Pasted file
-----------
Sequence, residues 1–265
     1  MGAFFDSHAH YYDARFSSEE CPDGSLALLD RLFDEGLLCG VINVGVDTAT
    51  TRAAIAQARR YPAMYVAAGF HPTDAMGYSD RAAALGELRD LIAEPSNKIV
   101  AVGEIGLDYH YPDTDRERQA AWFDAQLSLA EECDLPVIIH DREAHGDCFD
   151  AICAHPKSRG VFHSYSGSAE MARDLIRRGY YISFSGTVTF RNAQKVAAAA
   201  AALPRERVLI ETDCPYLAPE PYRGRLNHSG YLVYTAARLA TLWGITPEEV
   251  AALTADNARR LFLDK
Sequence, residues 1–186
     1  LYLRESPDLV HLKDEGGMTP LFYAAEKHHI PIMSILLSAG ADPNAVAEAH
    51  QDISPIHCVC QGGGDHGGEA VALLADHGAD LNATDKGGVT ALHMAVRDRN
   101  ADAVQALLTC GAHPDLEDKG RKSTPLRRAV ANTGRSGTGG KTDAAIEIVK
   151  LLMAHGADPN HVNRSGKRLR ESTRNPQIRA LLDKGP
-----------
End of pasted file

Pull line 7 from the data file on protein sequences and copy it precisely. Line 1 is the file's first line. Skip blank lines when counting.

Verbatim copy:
   251  AALTADNARR LFLDK